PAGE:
36

I created a shape in Inkscape and set the border width to 1px.
The actual size is 100px however with a border it's 102px.

How can I set an inner border on the object, not outer? When using Photoshop, the type
is selectable (inner, outer or center border), however in Inkscape there isn't this option.

24

Inkscape doesn't support changing the type of stroke on an object, however there's
other ways to create the inner border or blur that you need.

One simple method is making a copy of the shape, with no fill and the chosen border (stroke).
This copy is given a clipping path so the extra (outer) part of its stroke can't be seen outside the
original shape. The path used to clip it is a second, unchanged copy of the original shape,
which doesn't appear as a normal/regular object.
To make sure these copies change when the original is edited, they can
each be a linked offset - also allowing them to be moved inside the original shape.

  1. create the shape and select it (F1)

  2. create a linked offset copy, which appears on top of it (Ctrl+Alt+J or Path menu)

  3. change the stroke (border) width to 2x what you need or set its offset
    magnitude/radius to move it to the inner edge of the outer shape border
    - with its node handle or XML attribute (built-in editor, units are pt not px)

  4. give this shape no fill and the chosen border colour - fill and stroke in object menu

  5. create a second linked offset copy of the original shape, leave it unchanged

  6. select this shape and the copy from step 3 (hold Shift key, drag mouse)
    - make sure that this shape is on top (z-order) - see manual page linked above

  7. set clip - use the Object → Clip → Set menu item

Then you should have a finished inner border.

  • How do I select pasted and stroke shape? Nothing happens with Shift. – Dima Jul 12 '15 at 9:33
  • @Dima See the above answer, that I've updated - you need to drag the mouse or click other objects when pressing the Shift key. Also, the following tutorial page, that can also be seen in the application, could be useful: inkscape.org/en/doc/basic/tutorial-basic.html. – Edward Dec 11 '17 at 12:23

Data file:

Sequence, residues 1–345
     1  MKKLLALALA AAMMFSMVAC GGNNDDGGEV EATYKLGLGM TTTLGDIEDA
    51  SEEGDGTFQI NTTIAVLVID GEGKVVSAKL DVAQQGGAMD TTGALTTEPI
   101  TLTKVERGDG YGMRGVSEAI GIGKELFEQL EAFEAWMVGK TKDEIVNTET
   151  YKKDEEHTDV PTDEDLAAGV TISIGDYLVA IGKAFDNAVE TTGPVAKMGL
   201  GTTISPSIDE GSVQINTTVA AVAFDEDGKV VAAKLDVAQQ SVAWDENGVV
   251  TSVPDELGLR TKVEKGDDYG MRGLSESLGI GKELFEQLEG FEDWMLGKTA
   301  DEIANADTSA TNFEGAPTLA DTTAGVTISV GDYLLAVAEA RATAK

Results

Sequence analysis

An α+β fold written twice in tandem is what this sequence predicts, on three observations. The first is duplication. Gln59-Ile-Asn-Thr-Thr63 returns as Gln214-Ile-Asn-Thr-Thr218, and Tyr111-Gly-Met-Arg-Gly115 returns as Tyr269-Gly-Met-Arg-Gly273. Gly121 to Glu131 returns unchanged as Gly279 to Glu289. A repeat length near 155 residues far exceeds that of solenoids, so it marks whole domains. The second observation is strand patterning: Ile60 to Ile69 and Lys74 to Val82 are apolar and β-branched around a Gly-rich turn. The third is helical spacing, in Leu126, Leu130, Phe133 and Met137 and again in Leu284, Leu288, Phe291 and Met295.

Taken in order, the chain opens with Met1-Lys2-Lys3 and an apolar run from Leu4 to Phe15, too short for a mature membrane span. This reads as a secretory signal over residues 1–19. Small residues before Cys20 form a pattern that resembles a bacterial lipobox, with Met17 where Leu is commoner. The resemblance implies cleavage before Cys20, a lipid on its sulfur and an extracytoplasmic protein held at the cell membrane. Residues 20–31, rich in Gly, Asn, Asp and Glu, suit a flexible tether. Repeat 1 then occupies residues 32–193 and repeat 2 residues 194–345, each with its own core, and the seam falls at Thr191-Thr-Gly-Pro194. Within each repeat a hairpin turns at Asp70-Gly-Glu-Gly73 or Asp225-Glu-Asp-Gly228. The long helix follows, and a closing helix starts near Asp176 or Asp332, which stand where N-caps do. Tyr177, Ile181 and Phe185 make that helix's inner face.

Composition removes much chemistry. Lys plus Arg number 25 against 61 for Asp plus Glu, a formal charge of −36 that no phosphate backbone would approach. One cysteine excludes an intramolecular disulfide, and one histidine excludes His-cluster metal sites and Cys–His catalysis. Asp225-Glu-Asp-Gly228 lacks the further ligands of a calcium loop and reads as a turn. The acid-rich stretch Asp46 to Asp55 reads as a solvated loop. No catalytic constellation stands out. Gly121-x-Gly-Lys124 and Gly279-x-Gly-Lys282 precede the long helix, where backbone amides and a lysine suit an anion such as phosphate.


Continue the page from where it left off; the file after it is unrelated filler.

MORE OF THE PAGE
• That's amazingly non-intuitive, but works perfectly. – dgo Apr 4 '18 at 20:18
  • Hello year ago me, who forgot about this entirely. – dgo Oct 5 '19 at 18:49
16

An alternative workflow to the one presented by @cristian-ciupitu would be this:

  1. Create (or select) an object or a path with no fill. If you want, you can already set the stroke width (Shift+Ctrl+F), or fix this later.
  2. Duplicate (Ctrl+D) the object/path. This will create a duplicate on top of the original.
  3. Send the duplicate Lower (ObjectLower, or Page Down), so that you can...
  4. ... choose Select (arrow on the toolbar, or F1) and Shift+Click the object/path. As the "Lowered" duplicate was already selected, this will select the two identical objects/paths on top of each other. The status line at the bottom of the window should confirm this.
  5. Now choose ObjectClipSet.

Voila! Inner border!

You can now adjust the inner border width (Shift+Ctrl+F) if you want. Set the stroke width to twice your desired inner border width, as half of the stroke width will be clipped invisible.

If you think steps 3 and 4 are confusing, just drag around the two objects/paths to select them both, clip them as in step 5, and adjust the stroke width as desired. Works as well, but hey, clicking is cooler ;)

  • 5
    Essentially you're doing the same thing, but I find your directions easier to understand. – SMBiggs Jul 9 '17 at 6:06
9

Not sure if by "border" you mean "stroke" but it appears SVG standards don't allow for inner/outer strokes, and thus neither does Inkscape. It seems a common thing to do is fake it by duplicating the object and shrinking/growing it so you get the border you want. Though I don't imagine this would work as well for an inner border as an outer border.

Inkscape bug: Inner/outer/center stroke placement

3
  • Select the stroke and Path -> Stroke to path, now your stroke becomes a "shape"
  • Use Path -> Division to divide the shape into inner and outer parts.

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